Russians claim to have an effective treatment for the coronavirus, which hospitals will start using this month
- Preliminary trials are said to have shown that it could shorten recovery times for patients with Covid-19.
- The final stage of Avifavir clinical trials involving 330 patients, are ongoing.
- Russia's Ministry of Health on Saturday temporarily approved the use of the drug as a coronavirus treatment.
Russia has approved an anti-influenza drug, Aviifavir, to treat Covid-19 and will start delivering it to hospitals this month, according to Russia's sovereign wealth fund.
The fund, RDIF, has provided money for Russia's development and production of the drug which is based on favipiravir, an anti-influenza drug developed in Japan under the name Avigan, in a 50-50 joint venture with Russian pharmaceutical firm ChemRar.
Preliminary trials appeared to show that it could shorten recovery times for patients with Covid-19. The final stage of Avifavir clinical trials involving 330 patients are ongoing, RDIF and ChemRar said Monday, but Russia's Ministry of Health on Saturday already temporarily approved the use of the drug as a coronavirus treatment.
"It's a major, major step forward," RDIF CEO Kirill Dmitriev told CNBC on Monday.
"We believe there are now only two antiviral drugs against the virus that are really effective, those are remdesivir, done by the U.S., and this favipiravir, which also has significant promise," he told CNBC's "Squawk Box Europe."
RDIF and the ChemRar Group said Monday they will deliver 60,000 courses of Avifavir to Russian hospitals in June, promoting it as among the world's first coronavirus treatments to be approved.
"Avifavir is Russia's first Covid-19 drug and has shown high efficacy in treating patients with coronavirus during clinical trials. Avifavir has received a registration certificate from the Ministry of Health of the Russian Federation. Thus, Avifavir has become the first Favipiravir-based drug in the world approved for the treatment of Covid-19," they said in the statement.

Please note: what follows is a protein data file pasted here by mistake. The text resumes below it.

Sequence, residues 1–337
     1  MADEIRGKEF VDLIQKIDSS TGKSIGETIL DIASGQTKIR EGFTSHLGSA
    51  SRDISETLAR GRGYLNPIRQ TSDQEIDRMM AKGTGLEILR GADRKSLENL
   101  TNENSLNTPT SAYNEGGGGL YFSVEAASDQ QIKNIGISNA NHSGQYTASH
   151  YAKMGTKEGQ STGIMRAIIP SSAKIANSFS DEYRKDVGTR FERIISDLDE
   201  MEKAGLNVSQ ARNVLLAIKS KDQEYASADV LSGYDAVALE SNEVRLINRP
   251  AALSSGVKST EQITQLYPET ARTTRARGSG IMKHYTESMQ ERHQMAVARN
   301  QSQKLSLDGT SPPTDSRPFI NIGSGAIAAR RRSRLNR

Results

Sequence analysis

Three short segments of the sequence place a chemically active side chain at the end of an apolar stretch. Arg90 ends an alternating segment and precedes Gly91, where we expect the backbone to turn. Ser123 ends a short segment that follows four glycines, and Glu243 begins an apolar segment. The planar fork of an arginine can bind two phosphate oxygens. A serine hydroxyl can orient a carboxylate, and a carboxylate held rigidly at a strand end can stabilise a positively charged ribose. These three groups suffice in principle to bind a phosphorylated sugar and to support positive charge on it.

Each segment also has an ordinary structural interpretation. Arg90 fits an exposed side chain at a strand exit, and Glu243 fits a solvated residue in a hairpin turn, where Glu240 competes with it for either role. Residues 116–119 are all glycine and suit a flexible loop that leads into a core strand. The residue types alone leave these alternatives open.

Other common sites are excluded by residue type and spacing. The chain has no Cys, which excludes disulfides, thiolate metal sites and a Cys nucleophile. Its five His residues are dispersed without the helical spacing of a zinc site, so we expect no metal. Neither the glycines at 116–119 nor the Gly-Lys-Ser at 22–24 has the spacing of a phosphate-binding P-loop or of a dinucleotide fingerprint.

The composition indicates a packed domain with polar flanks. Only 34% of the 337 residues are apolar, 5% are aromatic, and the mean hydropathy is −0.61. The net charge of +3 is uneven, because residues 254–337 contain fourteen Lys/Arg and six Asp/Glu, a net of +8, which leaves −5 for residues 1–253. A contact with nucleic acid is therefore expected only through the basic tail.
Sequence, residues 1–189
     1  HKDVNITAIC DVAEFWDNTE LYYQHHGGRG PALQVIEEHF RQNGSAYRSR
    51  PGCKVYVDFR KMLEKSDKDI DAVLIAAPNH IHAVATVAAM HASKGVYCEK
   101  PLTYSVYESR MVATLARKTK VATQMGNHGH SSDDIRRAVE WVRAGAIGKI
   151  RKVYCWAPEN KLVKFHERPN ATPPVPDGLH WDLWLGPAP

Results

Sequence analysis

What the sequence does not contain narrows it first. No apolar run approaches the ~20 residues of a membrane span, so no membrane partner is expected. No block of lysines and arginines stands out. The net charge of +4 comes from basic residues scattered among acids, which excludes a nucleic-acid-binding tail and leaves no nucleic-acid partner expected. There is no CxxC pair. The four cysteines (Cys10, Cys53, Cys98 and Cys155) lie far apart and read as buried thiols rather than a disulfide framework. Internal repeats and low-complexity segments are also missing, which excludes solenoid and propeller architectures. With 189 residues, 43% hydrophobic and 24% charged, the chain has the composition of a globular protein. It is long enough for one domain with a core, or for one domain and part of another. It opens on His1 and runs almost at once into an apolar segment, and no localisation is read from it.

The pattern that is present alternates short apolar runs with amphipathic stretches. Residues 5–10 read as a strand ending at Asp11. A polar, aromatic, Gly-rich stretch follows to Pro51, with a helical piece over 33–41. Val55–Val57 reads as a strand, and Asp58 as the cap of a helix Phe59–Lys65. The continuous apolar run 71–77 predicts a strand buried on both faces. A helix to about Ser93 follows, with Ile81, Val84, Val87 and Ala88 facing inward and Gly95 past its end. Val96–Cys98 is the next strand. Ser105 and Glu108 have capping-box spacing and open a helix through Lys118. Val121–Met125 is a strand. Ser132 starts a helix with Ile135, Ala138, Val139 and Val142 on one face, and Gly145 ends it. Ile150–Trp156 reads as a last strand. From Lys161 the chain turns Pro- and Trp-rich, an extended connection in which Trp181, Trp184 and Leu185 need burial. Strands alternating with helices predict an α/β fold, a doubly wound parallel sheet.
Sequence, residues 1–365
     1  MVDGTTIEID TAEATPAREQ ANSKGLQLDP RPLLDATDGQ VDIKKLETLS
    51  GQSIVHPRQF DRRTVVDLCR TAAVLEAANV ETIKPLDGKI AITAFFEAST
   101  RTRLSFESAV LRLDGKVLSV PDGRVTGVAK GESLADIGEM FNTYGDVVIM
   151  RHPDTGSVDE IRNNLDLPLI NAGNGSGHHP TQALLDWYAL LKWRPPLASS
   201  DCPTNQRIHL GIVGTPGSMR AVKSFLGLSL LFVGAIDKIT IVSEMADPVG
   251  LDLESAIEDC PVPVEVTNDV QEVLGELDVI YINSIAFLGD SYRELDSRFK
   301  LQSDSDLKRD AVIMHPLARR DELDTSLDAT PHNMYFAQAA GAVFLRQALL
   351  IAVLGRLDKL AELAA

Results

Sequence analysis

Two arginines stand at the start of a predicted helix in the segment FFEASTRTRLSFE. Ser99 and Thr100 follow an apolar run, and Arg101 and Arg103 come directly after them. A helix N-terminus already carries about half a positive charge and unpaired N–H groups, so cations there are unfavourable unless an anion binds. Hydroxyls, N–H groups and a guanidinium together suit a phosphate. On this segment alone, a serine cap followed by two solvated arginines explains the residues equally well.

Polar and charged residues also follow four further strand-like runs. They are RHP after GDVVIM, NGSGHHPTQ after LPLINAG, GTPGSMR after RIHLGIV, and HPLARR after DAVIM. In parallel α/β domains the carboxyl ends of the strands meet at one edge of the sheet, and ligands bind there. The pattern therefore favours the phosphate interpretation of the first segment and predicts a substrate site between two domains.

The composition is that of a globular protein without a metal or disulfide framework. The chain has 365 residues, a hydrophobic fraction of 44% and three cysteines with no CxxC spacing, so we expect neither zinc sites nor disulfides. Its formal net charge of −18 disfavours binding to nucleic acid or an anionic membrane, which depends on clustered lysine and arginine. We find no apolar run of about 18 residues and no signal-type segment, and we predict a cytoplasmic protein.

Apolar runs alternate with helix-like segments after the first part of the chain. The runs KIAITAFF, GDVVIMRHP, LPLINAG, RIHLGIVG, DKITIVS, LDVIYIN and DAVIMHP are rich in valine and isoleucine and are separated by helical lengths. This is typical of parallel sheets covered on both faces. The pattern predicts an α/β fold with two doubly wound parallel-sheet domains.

According to data received from an earlier clinical trial of the drug, 65% of the 40 patients tested negative for coronavirus after five days of treatment, which was two times higher than in the standard therapy group, RDIF and ChemRar said last month.
Russia has the third highest number of confirmed coronavirus cases in the world, with 405,843, according to data collated by Johns Hopkins University. The official death toll remains low, however, at 4,693.
The U.K. is due to host a virtual Global Vaccine Summit on June 4 with the aim of increasing international investment in vaccine research and development. However, cooperation when it comes to global health provision is facing a big challenge after President Donald Trump said Friday that the U.S. is withdrawing from the World Health Organization, which has tried to lead a global approach to combating the coronavirus pandemic.
Speaking about the need to put political differences aside, Dmitriev emphasized the importance of global cooperation in the fight against Covid-19. He said RDIF and ChemRar had taken a "major risk" to invest in the drug and production facilities before it was approved. He said Russia should be looked at "as a positive player for the world."
"I think it's important for many countries to cooperate. ... There's no doubt that we were able to succeed only by sharing our information with other countries, receiving our information from other countries. Japan has been a great partner, and only by working together we can really address this issue."
"It's very negative that lots of people are trying to be competitive with other nations and I think it's very important with coronavirus to put political differences aside. I expect many articles saying, 'Russia is claiming this about this drug'. We are not claiming, we are sharing very positive news that the world needs to come together, and the world, everybody, should share positive information, useful information to fight the virus."
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